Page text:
Recently there's been the news that the rest of the league is hot-to-trot for cheap and wildly talented reliever Sergio Santos and wish to make a trade. It's also been learned that maybe the White Sox should trade John Danks already seeing as they haven't made him a real extension offer since 2009. Finally, on Tuesday, it was reiterated that while interest has been tepid, should a legit offer come along, Matt Thornton can be waiting on the corner with an overnight bag and a sandwich within an hour.
The matter of the Elder Danks is dependent on what direction the White Sox want this off-season to take; a controlled re-tooling or razing everything to the ground with acid.
But as for the relievers, or really any of the relievers mentioned, the White Sox would be well-advised to keep an open mind to selling some of the most consistently overvalued players in baseball. Not to criticize the White Sox relievers--they're great, I love them!--but relievers in general. Overvalued.
For example, the SB Nation Free Agency Tracker indicates 4 major league relievers have been plucked so far. They can be classified as follows:
Great Relievers Coming Off Terrible Seasons Where Health Was a Factor
Jonathan Broxton - 1 Yr/$4MM
Joe Nathan - 2 Yr/$14.5MM
A Good LOOGY
Javier Lopez - 2 Yr/$8.5MM
An Elite Reliever
Jonathan Papelbon - 4 Yr/$50MM
In this crazy world, Thornton's thought-to-be onerous 2 additional years on contract at $12 million total fits in nicely as a grade up from Lopez--as Thornton would be a fantastic LOOGY--or considering that he's a great reliever who had a merely 'good' 2011 season, comfortably in Nathan's territory...seeing as he's two years younger.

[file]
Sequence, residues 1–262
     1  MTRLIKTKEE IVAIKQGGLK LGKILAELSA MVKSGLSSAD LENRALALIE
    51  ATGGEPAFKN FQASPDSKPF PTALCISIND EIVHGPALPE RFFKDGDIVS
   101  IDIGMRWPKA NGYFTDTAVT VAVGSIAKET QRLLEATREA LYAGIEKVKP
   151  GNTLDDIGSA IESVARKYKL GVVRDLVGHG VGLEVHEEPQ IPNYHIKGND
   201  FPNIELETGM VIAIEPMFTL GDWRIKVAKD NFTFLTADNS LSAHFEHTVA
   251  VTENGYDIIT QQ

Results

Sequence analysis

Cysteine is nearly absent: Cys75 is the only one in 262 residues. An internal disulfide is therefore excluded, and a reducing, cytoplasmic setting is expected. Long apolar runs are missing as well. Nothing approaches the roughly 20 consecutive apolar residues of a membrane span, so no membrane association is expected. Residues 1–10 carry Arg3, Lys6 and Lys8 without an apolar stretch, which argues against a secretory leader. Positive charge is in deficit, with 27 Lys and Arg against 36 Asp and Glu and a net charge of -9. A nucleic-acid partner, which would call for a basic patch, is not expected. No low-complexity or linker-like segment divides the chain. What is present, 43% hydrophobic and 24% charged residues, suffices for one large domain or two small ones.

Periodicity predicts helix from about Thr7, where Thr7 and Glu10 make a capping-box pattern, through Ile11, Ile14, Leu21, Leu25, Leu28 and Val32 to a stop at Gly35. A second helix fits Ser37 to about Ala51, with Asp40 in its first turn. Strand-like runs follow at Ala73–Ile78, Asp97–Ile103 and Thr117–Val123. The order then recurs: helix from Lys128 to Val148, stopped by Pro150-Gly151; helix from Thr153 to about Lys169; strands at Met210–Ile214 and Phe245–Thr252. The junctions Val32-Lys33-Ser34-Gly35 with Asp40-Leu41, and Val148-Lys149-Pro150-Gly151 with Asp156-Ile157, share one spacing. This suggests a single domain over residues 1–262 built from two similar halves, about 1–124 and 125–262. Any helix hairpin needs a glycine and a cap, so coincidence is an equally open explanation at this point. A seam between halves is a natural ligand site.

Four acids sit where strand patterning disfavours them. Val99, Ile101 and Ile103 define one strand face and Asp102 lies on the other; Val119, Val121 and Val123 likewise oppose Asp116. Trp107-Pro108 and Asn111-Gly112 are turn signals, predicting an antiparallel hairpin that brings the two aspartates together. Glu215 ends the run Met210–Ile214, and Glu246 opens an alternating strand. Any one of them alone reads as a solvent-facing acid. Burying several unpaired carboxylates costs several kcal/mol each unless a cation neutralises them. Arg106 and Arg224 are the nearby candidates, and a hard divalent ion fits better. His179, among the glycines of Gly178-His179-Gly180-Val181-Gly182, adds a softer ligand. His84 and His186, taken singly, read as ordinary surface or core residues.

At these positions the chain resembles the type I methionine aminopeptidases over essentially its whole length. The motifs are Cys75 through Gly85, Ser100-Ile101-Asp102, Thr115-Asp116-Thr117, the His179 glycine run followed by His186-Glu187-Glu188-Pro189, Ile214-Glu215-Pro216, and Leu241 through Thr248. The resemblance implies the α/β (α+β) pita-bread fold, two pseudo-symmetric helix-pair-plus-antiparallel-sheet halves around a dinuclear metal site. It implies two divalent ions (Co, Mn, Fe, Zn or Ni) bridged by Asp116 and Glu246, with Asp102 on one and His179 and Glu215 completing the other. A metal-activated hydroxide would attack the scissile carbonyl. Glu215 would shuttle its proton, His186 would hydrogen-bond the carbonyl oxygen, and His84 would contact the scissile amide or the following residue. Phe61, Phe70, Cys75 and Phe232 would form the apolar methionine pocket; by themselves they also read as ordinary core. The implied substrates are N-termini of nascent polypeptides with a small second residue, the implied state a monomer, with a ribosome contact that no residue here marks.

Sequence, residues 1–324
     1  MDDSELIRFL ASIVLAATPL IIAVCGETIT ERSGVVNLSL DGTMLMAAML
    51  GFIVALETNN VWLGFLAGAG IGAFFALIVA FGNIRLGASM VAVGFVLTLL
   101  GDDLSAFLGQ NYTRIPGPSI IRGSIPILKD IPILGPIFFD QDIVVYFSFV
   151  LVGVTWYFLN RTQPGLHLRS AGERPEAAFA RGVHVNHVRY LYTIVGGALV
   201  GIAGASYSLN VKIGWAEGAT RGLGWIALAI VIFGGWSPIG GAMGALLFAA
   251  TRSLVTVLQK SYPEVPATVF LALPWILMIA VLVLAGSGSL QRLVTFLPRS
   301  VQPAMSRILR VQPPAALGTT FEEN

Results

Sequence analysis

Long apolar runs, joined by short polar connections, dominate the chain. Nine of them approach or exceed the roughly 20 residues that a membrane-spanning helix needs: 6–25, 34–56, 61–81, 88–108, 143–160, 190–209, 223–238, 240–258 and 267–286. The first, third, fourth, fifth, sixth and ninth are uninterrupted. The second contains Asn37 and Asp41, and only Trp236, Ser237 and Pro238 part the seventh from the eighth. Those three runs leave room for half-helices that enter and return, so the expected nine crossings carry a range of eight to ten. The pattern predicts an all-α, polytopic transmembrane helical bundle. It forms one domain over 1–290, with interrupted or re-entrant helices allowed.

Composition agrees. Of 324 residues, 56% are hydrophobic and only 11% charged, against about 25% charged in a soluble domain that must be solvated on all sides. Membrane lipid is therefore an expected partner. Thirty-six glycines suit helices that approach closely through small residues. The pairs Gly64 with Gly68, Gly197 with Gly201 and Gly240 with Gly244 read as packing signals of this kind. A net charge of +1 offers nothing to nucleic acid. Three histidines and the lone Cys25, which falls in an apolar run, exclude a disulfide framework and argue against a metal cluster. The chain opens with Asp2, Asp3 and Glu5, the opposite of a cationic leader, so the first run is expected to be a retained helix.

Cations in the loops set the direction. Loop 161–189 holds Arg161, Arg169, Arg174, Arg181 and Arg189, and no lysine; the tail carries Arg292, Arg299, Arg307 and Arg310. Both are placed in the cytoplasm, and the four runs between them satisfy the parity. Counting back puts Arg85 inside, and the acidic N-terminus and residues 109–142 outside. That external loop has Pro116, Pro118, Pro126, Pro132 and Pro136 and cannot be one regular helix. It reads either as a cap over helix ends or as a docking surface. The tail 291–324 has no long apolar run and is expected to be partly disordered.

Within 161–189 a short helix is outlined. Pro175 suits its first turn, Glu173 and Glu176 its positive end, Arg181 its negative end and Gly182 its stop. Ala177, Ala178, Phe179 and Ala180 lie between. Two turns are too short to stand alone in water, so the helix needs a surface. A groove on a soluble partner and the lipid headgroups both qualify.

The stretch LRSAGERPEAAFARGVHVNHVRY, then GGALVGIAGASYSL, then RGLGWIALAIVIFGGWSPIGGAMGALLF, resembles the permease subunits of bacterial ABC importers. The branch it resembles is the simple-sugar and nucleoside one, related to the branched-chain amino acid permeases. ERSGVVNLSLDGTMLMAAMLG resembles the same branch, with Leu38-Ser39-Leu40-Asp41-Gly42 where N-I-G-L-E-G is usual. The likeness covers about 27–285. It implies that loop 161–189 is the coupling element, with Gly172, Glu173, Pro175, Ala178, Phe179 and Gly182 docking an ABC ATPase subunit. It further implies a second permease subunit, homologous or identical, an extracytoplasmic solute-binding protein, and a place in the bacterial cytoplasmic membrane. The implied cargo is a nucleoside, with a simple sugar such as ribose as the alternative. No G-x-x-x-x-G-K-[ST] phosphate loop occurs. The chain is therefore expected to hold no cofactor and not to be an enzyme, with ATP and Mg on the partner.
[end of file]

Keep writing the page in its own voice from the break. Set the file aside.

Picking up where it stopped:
The only caveat being that Thornton is missing the 'proven closer' stink, but he otherwise fits in with the pricing of this market enough to register as a moderate asset, especially as demand accelerates in the Winter Meetings.
Santos, under contract for 3 years for $7.5MM, with three more reasonable team options after that, along with impressive talent, closer experience, and very little wear-and-tear, is somewhat off the scale in a reliever market that just hosed down Jonathan Papelbon with money.
As a skilled reliever signed to a very reasonable contract, Santos is a fine asset--and a joy to watch--but is ultimately filling a role that is often a haven for failed starters, lower-ceiling prospects, and even converted shortstops. On a team with relievers to spare, no less.
Come to think of it, $9MM for 2 more years of Jesse Crain seems pretty reasonable for the current reliever market as well.
The accelerating costs for relievers should make the White Sox wary of tossing out their entire pen in a fire sale, because they have no farm system and re-stocking the pen entirely even with buy-low candidates could be surprisingly expensive.
However, the Sox are limited in the ways they can replenish their roster, but with their strong holdings in an overvalued portion of the free agent market--with Addison Reed ready to step into a high-leverage role and Will Ohman ready to graduate to lefty-specialist from 'goofily-used mop-up man'--it's an avenue through which they can acquire young talent with minimal damage.
Ultimately, it's likely that the White Sox are going to cripple the current 2012 team's playoff chances when the heart of the starting rotation departs in an effort to re-tool the roster for the future. That's all the more reason not to commit to the current bullpen lineup. What are they going to save if everything else is going to hell anyway?